This month, director Wes Anderson released Moonrise Kingdom, his seventh feature film. It was co-written with Roman Coppola, who also co-wrote The Darjeeling Limited, Coppola being Francis Ford’s son and the guy responsible for The Presidents of the United States of America’s “Lump” video and Wyclef Jean’s best video (among many others). Set on a fictitous New England island in the mid ’60s, Moonrise Kingdom tells the story of Suzy (Kara Hayward) and Sam (Jared Gilman), pre-teen oddballs that click together after they meet once, send letters back and forth for a year and eventually, run away into the woods together. Their love, like an adult’s memory of what a first romance could or should have been, is perfect and extreme. Suzy and Sam are totally honest with each other, and unflinchingly committed. Coppola says the movie’s screenplay, which he finished with Anderson in Italy, took just a couple weeks to write. Below, he talks about kids having deep feelings, collaborating with a perfectionist and why he’s probably done with music videos.
Moonrise Kingdom is based on the premise that 12-year-olds are capable of falling in real, deep, meaningful love. Do you actually believe that’s true? When you’re an adolescent, feelings are so intense. I remember the love I felt for this girl in my fourth grade class. For me, and I believe also for Wes, that intensity and epic feeling is a real thing, and it’s not made up. The story in Moonrise Kingdom is like a fantasy, what I wish would have happened to me. Those emotions, and feeling that deep connection, are really hard to match in my adult life.
The stars of Moonrise Kingdom are young, first-time actors. Were you ever frustrated by their inexperience as they acted out the story you and Wes wrote? Not really. When I’m writing, and especially when I’m writing with Wes, we’re searching for the right thing and the right flavor, but it isn’t done with scrutiny or with a critical eye. It’s an intuitive thing, like hitting the right note. It has to feel right. It’s about capturing truthfulness, but not in a strategic way. Unlike on The Darjeeling Limited, where I was on set everyday and acting as a producer and second unit director, I just visited the set of this film. So it was fun for me to see the movie completed. Wes is so detail-oriented with the way he portrays things, like camera placement and such, that I think the section with the children exploring nature and going across the creeks had a very different and refreshing quality to it. It felt more improvisational, which was nice.
Is it easy to collaborate with a guy who’s so particular? Wes has always worked with collaborators, and I think he really values banter and what happens when you have people together. He is very open and solicitous. Like, “What was your first romantic experience or feeling of love as a 12-year-old and what happened?” Moonrise Kingdom is actually something Wes had dreamt up prior to The Darjeeling Limited, or at least had the kernel of the idea. He knew he wanted to make a film that had young lovers on an island. I would ask, “How’s the island movie coming?” after we finished Darjeeling. After he wrote about 10 pages, I asked him how it was going and he said that nothing happened. A month went by where it wasn’t flowing, and we just happened to get together without any design to work on a screenplay, and I started to ask questions. I think I asked the right ones, which seemed to jog something in him. He played me the Benjamin Britten song, and gave me these flavors of what it was to become. When we got together, it just started to click, and I would suggest something and he would fly with it. In about three weeks or so, we wrote the whole thing.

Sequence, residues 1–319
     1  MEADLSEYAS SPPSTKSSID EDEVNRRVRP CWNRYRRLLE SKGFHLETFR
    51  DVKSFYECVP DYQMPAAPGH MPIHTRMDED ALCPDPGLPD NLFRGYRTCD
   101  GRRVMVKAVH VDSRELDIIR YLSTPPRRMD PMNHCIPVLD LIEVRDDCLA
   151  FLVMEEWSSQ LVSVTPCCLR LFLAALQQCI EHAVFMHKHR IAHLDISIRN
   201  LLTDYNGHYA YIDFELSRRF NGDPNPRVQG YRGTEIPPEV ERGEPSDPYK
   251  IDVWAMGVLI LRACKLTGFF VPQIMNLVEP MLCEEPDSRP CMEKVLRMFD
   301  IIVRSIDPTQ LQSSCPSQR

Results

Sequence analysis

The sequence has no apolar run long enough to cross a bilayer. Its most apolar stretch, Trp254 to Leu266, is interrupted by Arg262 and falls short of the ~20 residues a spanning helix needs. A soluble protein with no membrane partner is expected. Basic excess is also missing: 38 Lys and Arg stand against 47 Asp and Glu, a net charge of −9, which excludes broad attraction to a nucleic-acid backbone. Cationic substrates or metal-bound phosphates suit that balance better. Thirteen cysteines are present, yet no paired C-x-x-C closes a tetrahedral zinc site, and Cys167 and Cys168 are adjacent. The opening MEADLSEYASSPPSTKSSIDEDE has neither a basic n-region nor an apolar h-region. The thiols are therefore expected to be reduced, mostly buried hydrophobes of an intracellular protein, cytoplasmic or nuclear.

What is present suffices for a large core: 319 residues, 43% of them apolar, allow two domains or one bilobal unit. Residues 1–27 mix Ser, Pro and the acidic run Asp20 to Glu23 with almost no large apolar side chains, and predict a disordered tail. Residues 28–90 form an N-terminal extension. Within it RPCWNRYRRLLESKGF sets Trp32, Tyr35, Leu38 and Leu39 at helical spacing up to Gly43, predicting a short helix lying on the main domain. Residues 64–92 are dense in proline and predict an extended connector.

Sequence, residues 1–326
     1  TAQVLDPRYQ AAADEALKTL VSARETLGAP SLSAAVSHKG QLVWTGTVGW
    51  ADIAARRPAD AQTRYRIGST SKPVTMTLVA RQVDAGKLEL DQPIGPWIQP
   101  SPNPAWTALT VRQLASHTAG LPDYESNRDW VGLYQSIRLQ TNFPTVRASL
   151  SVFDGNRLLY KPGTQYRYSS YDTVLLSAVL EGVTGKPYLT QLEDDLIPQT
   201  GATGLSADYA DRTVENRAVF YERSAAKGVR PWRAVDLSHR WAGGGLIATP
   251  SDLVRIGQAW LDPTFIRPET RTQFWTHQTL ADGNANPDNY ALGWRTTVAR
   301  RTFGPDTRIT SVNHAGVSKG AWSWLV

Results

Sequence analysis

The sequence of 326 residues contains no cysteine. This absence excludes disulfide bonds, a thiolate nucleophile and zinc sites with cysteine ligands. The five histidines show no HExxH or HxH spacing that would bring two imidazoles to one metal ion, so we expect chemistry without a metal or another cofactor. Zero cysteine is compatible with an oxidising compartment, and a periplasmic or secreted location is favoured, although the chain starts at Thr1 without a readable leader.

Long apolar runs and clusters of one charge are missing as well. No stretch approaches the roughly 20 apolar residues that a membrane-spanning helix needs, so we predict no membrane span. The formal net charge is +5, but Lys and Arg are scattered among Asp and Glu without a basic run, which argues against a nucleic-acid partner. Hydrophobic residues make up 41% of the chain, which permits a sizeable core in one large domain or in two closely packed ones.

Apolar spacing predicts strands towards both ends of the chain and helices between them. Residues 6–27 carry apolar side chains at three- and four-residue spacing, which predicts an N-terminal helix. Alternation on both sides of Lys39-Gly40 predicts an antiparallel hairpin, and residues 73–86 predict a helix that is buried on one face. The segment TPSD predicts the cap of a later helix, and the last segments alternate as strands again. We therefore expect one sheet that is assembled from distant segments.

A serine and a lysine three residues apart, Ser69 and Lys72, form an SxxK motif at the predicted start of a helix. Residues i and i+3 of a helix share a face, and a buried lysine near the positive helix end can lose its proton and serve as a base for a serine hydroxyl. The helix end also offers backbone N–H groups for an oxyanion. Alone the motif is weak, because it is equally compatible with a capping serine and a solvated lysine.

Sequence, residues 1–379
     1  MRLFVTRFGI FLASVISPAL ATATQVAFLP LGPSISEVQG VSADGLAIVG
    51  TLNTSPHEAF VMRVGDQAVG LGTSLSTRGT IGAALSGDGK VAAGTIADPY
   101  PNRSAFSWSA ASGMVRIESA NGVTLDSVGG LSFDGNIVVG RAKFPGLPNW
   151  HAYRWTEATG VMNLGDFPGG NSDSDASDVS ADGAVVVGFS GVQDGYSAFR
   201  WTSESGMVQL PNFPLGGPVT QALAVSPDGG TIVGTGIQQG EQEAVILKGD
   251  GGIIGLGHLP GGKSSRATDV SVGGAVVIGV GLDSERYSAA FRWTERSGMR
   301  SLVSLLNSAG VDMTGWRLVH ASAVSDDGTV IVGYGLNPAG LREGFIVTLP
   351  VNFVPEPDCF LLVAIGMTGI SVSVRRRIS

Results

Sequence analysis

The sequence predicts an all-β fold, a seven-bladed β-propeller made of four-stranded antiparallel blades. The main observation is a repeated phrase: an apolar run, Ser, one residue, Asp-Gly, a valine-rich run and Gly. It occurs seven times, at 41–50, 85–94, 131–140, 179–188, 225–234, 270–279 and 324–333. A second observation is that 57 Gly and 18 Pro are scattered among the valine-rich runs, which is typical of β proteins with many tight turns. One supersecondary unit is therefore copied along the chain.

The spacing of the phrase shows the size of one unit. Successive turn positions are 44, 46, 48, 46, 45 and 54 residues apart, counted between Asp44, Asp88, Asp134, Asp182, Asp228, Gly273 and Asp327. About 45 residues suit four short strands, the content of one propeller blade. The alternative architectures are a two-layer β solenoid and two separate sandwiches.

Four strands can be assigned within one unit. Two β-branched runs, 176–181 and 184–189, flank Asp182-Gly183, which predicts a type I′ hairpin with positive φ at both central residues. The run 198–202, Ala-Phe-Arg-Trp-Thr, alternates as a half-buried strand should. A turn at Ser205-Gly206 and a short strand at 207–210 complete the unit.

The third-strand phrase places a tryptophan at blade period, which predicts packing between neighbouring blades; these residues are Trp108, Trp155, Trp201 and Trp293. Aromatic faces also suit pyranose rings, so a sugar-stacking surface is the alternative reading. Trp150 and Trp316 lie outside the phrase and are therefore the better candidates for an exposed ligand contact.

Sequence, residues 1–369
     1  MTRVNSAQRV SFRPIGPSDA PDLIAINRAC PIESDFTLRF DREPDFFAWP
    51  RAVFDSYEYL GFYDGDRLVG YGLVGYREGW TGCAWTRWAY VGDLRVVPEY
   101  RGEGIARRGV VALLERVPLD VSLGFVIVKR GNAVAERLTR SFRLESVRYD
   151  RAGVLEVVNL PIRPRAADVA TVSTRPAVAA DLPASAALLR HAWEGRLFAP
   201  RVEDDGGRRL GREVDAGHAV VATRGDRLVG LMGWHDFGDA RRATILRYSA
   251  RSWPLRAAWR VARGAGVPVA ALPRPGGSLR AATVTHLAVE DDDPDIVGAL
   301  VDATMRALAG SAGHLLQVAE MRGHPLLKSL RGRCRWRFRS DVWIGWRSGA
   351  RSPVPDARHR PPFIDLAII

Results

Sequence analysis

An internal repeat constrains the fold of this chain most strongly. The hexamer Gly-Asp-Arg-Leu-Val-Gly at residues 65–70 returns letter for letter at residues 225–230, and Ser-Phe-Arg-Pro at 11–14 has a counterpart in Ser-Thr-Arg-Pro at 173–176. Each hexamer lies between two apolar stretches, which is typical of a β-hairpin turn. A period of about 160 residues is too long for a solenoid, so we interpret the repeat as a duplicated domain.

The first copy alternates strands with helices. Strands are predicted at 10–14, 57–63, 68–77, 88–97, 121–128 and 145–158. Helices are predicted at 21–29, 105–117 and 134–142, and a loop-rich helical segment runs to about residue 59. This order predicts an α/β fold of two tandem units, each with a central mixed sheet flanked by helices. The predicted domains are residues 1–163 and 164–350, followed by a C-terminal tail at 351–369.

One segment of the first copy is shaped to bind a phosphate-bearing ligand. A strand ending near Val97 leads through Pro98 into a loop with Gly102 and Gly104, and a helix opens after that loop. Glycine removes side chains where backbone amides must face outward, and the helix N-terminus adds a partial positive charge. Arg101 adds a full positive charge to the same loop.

Is Wes as meticulous about his writing as his is about his sets and camerawork? Yes. The way text is laid out on the page is very important to him. When I work on my own screenplays, I’ll often leave big sections written very crudely, or just as a few notes describing what takes place. But the work I do with Wes, there is a lot of fine-tuning. When you’re writing a screenplay, people generally advocate not having detailed description, only having the dialogue so it flows quickly. Wes’ scripts often have a lot of detail because it’s important to him. The details act as the instructions for the crew, so that everything is in its place, as it should be.
You’ve worn lots of hats in your adult life—directing music videos and films, writing, making wine. Why do so many things? It’s just my nature. I’m attracted to movies because they include so many things. Music, invention, chemistry, electronics, theatre, color, working with creative people as a team. I made my own film [CQ] about ten years ago and now I have made another film [A Glimpse Inside the Mind of Charlie Swan III, starring Charlie Sheen], and I’m excited about that.
So you’re totally over making music videos? Well, I have a lot of affection for videos, but I do feel like they’re driven by the love of the music. The music that I’m passionately interested in I put into Charlie Swan III. It’s a musician named Liam Hayes, and I’m a really big fan. But I don’t really follow music so much now. There are moments in time, like with The Strokes or Phoenix, where I just wanted to be part of it, and was excited to work with them. Now, I’m thinking of other things. Music is kind of a young persons endeavor. I don’t consider myself old, but it takes a lot of energy and a lot of sacrifice to follow music.